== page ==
I hate to say that I don’t really care about Nick, but I don’t really care about Nick. I’ve never cared about any Nick. He creates narrative tension and an excuse for June to have a moral crisis about Luke, but for the most part, his character has never been portrayed just right enough for me. In this iteration, he’s far too casual, even more casual than seems plausible for the situation. He does flout the rules a little bit, but here he seems to do whatever he wants with no consequences. Unpopular opinion: it’s a little bit unbelievable and as a result, I don’t really like his character. 

  • Aunt Lydia

The Aunts, in general, do so well in the show; Aunt Lydia specifically is exactly how she should be: unapologetic and unwavering in her beliefs to an unnerving degree. In the movie, the Aunts were too much like schoolmarms or nuns, vigilant but essentially benevolent figures. In the show, the Aunts believe so much that what they’re doing is right and just that they become tyrants for the cause. They act as cruel mothers to the Handmaids, but while the Aunts have always had more power than the Handmaids, they are still considered lesser than the Wives and Commanders. They hang onto their blind faith, not truly aware of the effect the new environment is having but thinking they do; while the Commanders know what they’re doing, are aware of the nuances of the new regime, and still are steadfast in their beliefs. 

Narrative

This is the Holy Grail of narrative structure; in my opinion, The Handmaid’s Tale was made for television. There’s too much content in the novel to realistically work for film format; with television, the narrative can expand and explore multiple episodes without feeling rushed or forced.

The choice to take a story written in 1986 and explore it in the present day makes it much more terrifying when you consider our current political climate. This element is more of a one-off, since we can’t exactly predict how these things happen every time, but we needed The Handmaid’s Tale in 2017 and damn, did Hulu deliver. With the way the story is portrayed, it’s almost possible to believe something like that could actually happen, and it’s so much more horrifying than it is in the book. 

Serena Joy and Commander Waterford are Young and Hot

I touched on this when discussing their characterization, but it affects the tone of the show as well. I don’t know if Serena and the Commander being young is better or worse. As we find out early in the show through flashbacks, they both are crucial in the orchestrations of Gilead and complete social regression (which makes things worse for Serena while they get better for the Commander, even when the whole thing was basically her idea).

This seems like a move more suited to an older generation, one steeped in tradition, religion, and the idea of upholding gender roles. But, with most of the Wives and Commanders being young, Gilead’s implication is far more sinister; sending an entire city back to the dark ages seems like something old people would do. And yet, the whole thing is the epitome of young, white conservatives getting together in a room and trying to solve a crisis.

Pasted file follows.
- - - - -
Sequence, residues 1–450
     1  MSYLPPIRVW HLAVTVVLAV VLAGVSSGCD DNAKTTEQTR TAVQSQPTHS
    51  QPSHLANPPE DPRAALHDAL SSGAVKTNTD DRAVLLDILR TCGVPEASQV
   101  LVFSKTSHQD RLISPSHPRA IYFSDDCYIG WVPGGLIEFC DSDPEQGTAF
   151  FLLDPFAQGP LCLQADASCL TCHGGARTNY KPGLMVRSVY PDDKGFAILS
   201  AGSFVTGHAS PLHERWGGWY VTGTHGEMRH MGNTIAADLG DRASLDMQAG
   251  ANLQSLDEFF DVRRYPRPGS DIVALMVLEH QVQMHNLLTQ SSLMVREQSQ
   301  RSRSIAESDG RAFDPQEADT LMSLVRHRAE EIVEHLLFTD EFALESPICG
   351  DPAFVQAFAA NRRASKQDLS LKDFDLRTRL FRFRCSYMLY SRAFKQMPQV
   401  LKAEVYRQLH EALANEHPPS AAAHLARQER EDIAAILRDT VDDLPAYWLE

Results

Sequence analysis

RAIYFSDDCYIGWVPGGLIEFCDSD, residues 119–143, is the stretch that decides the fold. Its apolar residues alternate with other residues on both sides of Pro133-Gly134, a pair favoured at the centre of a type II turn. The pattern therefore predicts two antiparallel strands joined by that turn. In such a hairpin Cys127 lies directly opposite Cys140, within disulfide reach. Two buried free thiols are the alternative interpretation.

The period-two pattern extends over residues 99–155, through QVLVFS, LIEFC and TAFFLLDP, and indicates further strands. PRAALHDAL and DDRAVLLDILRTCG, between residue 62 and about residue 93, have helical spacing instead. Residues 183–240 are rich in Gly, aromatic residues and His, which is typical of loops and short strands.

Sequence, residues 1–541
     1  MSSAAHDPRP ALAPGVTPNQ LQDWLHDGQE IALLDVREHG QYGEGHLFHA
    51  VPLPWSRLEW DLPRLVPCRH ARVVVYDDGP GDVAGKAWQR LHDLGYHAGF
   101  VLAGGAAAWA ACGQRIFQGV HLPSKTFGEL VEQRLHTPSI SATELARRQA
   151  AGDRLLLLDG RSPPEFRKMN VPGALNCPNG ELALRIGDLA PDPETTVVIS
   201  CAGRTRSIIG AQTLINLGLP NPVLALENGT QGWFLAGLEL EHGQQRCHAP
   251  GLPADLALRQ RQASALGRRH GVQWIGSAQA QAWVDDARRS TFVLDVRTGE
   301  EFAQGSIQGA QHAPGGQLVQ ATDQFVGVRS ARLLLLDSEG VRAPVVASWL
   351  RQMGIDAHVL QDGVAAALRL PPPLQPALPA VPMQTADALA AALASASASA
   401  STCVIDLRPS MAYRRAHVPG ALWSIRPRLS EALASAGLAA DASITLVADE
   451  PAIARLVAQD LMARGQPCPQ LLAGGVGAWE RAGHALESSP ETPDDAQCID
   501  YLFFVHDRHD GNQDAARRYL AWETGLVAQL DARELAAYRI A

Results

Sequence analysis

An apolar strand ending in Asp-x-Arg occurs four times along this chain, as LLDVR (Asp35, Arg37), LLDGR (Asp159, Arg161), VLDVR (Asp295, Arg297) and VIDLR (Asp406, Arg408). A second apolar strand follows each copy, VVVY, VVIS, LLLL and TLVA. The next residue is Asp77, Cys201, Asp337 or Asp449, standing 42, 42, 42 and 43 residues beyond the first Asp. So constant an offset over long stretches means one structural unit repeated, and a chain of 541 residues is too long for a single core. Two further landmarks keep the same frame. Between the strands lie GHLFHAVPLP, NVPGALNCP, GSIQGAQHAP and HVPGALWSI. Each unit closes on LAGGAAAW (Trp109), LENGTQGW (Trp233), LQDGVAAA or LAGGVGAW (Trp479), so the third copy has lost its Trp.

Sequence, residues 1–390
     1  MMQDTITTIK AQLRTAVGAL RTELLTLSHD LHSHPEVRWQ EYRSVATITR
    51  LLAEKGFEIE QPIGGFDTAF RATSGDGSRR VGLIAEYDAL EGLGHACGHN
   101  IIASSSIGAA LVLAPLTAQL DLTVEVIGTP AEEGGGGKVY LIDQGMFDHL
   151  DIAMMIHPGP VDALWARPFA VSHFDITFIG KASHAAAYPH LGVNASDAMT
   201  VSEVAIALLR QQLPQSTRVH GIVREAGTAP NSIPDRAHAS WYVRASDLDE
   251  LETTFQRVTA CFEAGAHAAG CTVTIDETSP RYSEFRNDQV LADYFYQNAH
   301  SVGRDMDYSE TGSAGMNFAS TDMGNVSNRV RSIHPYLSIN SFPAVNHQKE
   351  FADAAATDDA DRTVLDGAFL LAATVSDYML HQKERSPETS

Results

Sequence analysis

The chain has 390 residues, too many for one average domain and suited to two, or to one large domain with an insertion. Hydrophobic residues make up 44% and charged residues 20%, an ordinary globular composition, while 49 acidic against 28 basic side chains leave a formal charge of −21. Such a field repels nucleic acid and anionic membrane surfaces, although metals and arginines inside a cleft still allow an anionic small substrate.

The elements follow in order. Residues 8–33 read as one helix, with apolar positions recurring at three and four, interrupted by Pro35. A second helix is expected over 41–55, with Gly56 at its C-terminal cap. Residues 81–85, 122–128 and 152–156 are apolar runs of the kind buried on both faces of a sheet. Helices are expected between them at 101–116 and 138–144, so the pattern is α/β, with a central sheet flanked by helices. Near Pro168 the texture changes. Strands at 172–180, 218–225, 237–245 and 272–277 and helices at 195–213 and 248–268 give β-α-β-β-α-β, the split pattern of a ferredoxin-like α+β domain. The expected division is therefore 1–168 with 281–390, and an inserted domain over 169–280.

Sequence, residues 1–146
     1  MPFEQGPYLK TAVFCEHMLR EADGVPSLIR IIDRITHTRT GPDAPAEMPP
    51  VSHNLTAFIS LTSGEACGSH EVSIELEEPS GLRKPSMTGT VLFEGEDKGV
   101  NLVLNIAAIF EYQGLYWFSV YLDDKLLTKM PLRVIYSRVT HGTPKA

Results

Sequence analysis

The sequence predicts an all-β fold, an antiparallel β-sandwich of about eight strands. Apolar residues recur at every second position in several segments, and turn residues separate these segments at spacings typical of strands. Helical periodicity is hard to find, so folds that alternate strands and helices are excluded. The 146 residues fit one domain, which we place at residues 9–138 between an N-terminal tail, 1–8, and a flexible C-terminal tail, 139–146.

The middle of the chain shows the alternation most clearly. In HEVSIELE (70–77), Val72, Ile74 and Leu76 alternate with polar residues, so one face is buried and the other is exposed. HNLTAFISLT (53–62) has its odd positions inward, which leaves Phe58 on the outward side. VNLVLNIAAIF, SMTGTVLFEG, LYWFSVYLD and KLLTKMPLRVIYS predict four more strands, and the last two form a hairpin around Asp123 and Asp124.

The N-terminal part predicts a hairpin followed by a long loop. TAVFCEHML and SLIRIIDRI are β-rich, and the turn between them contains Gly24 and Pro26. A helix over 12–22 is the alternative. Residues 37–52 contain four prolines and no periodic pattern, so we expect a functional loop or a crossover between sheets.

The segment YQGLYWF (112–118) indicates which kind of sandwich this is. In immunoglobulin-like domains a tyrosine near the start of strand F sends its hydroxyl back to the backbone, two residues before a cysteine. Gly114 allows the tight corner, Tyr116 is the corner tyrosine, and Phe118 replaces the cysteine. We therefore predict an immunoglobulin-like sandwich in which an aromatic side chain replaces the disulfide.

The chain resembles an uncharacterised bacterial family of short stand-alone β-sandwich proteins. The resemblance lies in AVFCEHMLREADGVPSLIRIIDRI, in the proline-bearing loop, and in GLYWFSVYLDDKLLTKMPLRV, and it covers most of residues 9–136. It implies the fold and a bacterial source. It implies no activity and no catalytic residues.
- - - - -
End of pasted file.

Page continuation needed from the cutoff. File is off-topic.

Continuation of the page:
Opinion

  • Pros

The show keeps so close to the source material it almost surpasses it. When things need to be changed, the alterations fit believably. The show expands and explores the world in ways that improve the narrative and plot but also keep true to the original vision. With a show adapted from one book—as opposed to a show like Game of Thrones adapted from six books—you expect a level of world-building in order to fill out more than one season. The show adds details and subplots that make sense with the narrative, blending seamlessly with the source material.

The movie did the same thing, but it didn’t work as well because it didn’t bother to blend with the tone of the book. Because of that, we get Ofglen telling Kate almost immediately to kill her Commander, we get Kate and Nick’s out-of-place ’90s-style romance, and we get the ending in its entirety, which takes a few sentences of Kate’s inner monologue from the book and just runs rampant. There’s too much content in the novel to successfully adapt into a movie without it feeling rushed and incomplete, but there’s just enough to lay the baseline for a good television show. 

  • Cons

Really the only con I have is, it’s so dark it’s hard to watch sometimes. Which, I guess, is what Hulu was going for. 


The Handmaid’s Tale season three premieres June 9, 2019, on Hulu. 


Social Media logo PatreonFollow Word of the Nerd on

     

Get your nerd on!

About the author

Lauren Boisvert

Lauren Boisvert is a writer and pisces from Florida. She has had poems published with Memoir Mixtapes, spy kids review, The Mochila Review, and others. She loves Mystery Science Theater 3000, classic horror, and making everyone in the car listen to the Beastie Boys.

Advertisement

Check out our YouTube Channel

%d bloggers like this: